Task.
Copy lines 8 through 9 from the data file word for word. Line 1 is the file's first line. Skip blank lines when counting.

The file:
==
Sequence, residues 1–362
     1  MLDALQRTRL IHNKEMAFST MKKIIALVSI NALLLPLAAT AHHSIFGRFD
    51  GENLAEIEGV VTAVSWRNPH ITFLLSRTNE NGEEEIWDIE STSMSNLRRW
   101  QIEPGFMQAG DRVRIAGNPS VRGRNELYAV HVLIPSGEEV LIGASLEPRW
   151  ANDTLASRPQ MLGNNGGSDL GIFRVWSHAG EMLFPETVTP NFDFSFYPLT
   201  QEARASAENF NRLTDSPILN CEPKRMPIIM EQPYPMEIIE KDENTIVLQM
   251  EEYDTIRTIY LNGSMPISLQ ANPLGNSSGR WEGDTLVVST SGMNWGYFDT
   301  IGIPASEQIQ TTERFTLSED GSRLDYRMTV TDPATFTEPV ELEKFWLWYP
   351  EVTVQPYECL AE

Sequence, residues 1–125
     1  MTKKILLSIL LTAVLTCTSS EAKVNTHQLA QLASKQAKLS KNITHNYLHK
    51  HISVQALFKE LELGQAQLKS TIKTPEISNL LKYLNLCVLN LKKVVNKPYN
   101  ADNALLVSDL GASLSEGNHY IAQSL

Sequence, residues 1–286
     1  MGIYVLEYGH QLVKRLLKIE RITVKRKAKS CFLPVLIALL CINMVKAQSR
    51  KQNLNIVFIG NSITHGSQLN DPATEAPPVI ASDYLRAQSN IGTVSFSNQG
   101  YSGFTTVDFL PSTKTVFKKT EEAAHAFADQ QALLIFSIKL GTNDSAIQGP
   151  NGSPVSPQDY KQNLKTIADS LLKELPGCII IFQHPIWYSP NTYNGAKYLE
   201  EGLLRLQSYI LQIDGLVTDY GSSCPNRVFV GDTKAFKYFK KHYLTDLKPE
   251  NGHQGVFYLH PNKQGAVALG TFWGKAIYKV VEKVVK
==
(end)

   301  IGIPASEQIQ TTERFTLSED GSRLDYRMTV TDPATFTEPV ELEKFWLWYP
   351  EVTVQPYECL AE